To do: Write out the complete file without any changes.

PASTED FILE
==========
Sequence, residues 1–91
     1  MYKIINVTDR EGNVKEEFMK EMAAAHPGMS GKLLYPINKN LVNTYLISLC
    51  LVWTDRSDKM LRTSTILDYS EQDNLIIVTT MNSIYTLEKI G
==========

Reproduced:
Sequence, residues 1–91
     1  MYKIINVTDR EGNVKEEFMK EMAAAHPGMS GKLLYPINKN LVNTYLISLC
    51  LVWTDRSDKM LRTSTILDYS EQDNLIIVTT MNSIYTLEKI G